Home > 2012 > Students > Should College Kids Be Using Credit Cards?

Should College Kids Be Using Credit Cards?

Advertiser Disclosure Comments 0 Comments

These days, millions of college students are finding it difficult to afford all the purchases they want or need to make, and as a result many are now trying to find credit cards to help them out. However, there experts debate over whether this is a good idea.

There are benefits and drawbacks to college kids getting credit cards of their own, and they should carefully consider whether it will help them. For instance, a credit card can help them establish their own borrowing history and give them a bit more financial independence, but if the account isn’t managed properly, it can also cause them many difficulties.

One of these problems is that most college kids take on large amounts of student loan debt, which does not affect them while they’re still in school, but can be a major hurdle to overcome upon graduation. Owing tens of thousands of dollars makes it difficult for recent graduates to get their financial footing under them, and adding credit card debt to that equation can often be problematic because of the comparatively large amounts of interest charges that can be racked up in a relatively short amount of time.

Of course, if a credit card account is properly managed, a college student can use it to their advantage. For instance, making small purchases and then taking the time to pay the balance back in full at the end of every month will help a young adult understand the value of making responsible use of their cards, and in doing so boost their credit score substantially. This will prove vital later in life, when they seek out new lines of credit and obtain more beneficial rates and fees as a result of their past good behavior.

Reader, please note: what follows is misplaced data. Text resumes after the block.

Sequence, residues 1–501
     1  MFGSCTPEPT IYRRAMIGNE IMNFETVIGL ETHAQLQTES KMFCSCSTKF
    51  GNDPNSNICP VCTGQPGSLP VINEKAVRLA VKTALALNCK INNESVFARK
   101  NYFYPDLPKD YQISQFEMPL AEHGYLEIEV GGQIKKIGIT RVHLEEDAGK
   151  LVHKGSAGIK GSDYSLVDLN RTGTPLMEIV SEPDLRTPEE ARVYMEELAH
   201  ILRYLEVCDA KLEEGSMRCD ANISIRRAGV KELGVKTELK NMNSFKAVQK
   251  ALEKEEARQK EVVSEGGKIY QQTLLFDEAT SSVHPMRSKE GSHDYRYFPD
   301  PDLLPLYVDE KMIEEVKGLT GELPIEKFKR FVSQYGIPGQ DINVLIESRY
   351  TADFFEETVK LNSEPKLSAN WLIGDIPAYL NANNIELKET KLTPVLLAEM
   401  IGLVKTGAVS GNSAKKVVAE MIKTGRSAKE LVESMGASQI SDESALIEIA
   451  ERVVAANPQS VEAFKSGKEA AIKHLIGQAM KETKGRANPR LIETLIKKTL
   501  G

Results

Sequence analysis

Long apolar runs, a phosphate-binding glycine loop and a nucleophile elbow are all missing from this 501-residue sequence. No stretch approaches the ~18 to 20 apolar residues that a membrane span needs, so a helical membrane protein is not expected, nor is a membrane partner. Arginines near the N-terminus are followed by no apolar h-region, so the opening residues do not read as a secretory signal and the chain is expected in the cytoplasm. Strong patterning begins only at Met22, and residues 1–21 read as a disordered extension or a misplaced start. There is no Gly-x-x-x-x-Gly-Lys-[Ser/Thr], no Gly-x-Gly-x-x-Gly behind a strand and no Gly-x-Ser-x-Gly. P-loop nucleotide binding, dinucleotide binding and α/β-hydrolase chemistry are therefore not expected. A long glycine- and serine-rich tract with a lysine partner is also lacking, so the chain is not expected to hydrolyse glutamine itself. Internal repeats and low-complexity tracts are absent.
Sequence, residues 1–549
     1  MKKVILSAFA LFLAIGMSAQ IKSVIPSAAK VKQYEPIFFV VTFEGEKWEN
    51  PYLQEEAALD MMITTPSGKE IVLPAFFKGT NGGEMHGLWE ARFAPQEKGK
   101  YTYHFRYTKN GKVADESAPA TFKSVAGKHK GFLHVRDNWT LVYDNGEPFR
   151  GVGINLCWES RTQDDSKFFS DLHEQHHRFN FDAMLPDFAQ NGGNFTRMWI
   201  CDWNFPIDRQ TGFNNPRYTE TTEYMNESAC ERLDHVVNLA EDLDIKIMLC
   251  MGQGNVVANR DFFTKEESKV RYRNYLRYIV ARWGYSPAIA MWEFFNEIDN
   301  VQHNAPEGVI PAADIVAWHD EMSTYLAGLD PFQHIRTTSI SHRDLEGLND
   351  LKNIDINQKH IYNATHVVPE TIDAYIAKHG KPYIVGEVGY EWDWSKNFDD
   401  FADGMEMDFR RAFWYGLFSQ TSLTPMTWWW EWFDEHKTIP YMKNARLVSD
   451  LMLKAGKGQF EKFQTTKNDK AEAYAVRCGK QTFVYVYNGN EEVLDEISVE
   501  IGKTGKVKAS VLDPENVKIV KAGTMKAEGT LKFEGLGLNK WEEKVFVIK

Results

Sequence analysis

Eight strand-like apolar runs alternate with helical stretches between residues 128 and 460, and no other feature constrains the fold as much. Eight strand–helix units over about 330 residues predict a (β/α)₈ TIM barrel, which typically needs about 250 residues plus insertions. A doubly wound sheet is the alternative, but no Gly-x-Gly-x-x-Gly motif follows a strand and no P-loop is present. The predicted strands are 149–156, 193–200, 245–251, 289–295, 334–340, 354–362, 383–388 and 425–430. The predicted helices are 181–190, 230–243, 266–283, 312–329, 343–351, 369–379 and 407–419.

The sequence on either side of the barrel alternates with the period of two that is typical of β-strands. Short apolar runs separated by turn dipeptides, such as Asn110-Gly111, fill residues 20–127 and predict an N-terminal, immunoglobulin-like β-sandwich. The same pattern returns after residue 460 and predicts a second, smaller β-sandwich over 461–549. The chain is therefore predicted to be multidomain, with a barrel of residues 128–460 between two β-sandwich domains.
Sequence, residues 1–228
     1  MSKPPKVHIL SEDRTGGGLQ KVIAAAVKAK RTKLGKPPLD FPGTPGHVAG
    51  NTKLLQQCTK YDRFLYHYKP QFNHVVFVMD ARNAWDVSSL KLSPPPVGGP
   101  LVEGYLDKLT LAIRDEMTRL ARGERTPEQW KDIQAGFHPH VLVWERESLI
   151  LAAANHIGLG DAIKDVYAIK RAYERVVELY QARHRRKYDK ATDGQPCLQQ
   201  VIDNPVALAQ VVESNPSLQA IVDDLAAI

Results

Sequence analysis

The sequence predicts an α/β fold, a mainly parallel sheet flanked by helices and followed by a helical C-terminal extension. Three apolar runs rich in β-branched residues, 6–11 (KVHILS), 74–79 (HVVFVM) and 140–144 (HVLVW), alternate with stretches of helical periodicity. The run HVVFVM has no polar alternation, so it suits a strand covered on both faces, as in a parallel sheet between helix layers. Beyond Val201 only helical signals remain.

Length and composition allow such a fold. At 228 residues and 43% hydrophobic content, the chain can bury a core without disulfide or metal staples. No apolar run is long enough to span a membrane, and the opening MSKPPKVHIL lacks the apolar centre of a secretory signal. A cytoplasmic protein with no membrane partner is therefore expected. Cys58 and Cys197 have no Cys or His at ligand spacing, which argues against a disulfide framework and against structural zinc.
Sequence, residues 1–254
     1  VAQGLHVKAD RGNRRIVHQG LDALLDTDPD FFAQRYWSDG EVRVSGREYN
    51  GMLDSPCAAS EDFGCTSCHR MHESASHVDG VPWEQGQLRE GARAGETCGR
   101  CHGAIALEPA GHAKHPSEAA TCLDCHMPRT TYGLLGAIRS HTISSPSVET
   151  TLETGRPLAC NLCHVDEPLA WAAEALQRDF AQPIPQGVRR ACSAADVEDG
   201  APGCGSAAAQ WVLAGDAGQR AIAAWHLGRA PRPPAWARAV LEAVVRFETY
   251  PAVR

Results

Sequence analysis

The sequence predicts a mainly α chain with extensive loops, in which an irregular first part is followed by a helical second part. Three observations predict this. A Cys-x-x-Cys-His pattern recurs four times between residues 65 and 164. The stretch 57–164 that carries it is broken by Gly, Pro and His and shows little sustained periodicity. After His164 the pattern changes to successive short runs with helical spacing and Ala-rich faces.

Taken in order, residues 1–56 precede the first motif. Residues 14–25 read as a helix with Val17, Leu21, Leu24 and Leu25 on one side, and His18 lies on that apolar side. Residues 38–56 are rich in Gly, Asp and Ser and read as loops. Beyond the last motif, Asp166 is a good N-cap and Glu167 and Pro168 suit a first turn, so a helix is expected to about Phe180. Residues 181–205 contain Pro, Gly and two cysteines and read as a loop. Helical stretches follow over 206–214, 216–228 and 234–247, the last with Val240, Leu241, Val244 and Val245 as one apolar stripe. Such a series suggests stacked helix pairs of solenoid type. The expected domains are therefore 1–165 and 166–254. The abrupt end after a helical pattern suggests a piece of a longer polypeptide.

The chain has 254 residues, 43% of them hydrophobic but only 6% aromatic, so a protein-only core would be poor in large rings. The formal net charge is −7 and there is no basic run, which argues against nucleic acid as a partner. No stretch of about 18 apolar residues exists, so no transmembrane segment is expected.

[Credit Cards: Research and compare credit cards at Credit.com.]

Fortunately for college kids, there are now laws in place that aim to protect them from taking on accounts they cannot afford — by requiring people under the age of 21 to either have an adult co-signer on their account, or provide proof that they can afford such a card on their own.

Comments on articles and responses to those comments are not provided or commissioned by a bank advertiser. Responses have not been reviewed, approved or otherwise endorsed by a bank advertiser. It is not a bank advertiser's responsibility to ensure all posts and/or questions are answered.

Please note that our comments are moderated, so it may take a little time before you see them on the page. Thanks for your patience.

Certain credit cards and other financial products mentioned in this and other articles on Credit.com News & Advice may also be offered through Credit.com product pages, and Credit.com will be compensated if our users apply for and ultimately sign up for any of these cards or products. However, this relationship does not result in any preferential editorial treatment.